A new app called Osmo is solving a childcare problem with a simple compromise. Anyone that’s ever taken care of kids knows that all they want to do is watch TV or play games on consoles or tablets. While Osmo games use technology to keep kids interested, its game play is grounded in real world objects. Players use puzzle pieces, game tiles, pen and paper drawings, and literally any of their own favorite toys to complete to game objectives. Kids can now play word games, complete puzzles, and win simple strategy games while playing both in the real world, and through technology.
The Clever Conceptualization
Osmo is, in practice, an extremely simple gaming app designed for kids ages 6 through 12. The concept of the app is more complicated. The tablet is set up in a stand, and a mirror is clipped over the camera, which angles it downward. Once the downloaded software is open, it senses the physical objects that lie in front of it. When the game pieces are moved, the interaction is shown on the upright screen. When the player succeeds in the analogue portion of the game, the digital portion makes the experiencing of solving a puzzle more rewarding by flashing and making sounds.
The Clever Developers
Osmo was created by a company called Tangible Play, which is made of up a number of ex-Google employees. One such developer is Pramod Sharma, who has witnessed the interaction between physical objects and digital displays when he working on Google’s book scanning device. Sharma was inspired to create Osmo by his own experiences as a parent, saying that his daughter “could literally spend hours just looking at a screen, and doing nothing else. And as a parent, this is obviously concerning.” Now, with Osmo, children can not only employ their imagination with the physical pieces, but can also play together, and interact with each other in an inspiring game that is both high tech and extremely simple.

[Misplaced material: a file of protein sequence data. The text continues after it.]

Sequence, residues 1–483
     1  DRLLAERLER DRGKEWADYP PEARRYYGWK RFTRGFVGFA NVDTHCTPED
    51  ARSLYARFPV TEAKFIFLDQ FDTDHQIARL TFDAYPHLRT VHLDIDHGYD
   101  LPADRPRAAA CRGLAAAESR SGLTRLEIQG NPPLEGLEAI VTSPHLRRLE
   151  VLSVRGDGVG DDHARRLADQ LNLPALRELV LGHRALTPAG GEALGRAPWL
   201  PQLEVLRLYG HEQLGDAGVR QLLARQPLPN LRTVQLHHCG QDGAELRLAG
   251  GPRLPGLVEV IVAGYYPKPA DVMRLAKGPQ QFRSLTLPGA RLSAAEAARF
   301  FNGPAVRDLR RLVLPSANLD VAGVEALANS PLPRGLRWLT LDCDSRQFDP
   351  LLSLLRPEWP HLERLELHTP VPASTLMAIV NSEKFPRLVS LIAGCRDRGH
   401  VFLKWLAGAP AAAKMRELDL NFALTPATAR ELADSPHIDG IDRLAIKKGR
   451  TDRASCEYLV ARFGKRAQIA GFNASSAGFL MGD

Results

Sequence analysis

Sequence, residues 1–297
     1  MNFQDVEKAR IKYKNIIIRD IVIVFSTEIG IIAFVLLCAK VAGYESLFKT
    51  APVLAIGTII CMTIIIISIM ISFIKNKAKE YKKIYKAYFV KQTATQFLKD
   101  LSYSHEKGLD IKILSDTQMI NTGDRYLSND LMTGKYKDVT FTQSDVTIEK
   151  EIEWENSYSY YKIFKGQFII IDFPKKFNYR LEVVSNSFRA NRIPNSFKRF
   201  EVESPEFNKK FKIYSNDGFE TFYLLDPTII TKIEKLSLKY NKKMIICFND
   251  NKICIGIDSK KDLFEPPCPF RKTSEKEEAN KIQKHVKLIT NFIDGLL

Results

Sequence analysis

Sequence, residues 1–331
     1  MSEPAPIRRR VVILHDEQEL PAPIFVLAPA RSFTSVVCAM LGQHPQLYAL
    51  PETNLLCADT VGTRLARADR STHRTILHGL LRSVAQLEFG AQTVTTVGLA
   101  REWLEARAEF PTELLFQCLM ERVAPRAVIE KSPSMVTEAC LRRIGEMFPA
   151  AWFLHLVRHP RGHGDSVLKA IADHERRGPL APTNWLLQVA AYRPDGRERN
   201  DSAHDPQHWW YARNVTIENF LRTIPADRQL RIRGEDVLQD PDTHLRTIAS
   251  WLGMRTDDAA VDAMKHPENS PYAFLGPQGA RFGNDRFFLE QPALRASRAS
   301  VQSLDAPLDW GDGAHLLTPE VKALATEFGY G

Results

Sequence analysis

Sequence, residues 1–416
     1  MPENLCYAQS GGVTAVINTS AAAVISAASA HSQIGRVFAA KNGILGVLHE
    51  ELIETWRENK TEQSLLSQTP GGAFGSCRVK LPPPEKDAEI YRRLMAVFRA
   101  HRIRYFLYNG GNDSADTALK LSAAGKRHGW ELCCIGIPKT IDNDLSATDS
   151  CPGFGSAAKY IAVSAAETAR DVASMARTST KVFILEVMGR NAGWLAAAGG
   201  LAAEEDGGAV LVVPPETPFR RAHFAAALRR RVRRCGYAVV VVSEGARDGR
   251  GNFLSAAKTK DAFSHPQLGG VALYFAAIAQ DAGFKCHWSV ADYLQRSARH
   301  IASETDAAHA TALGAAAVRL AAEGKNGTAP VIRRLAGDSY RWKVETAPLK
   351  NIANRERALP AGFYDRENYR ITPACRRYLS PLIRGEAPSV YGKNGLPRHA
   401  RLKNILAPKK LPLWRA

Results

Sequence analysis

Oh, The Games You Could Play!
Osmo has three complete games that come with the starter pack. The first is Tangram, which is a set of colorful blocks that can be arranged into different shapes, such as animals. The screen follows the movements of the blocks, and informs the player when they’ve connected two pieces properly. The second game is called Words, and is an educational, hangman-esque team game, where players race to use the letters in the featured words. Their last game is called Newton, which may be the most exciting and creative of the three. The objective is to cause the falling balls to touch the targets. Players can do this through any means, by drawing lines on a paper, or by placing other objects to make the balls bounce.
At the moment, the planned retail cost for the Osmo game kit is $99, but for a limited time their website is allowing a half price presale, in order to raise production costs.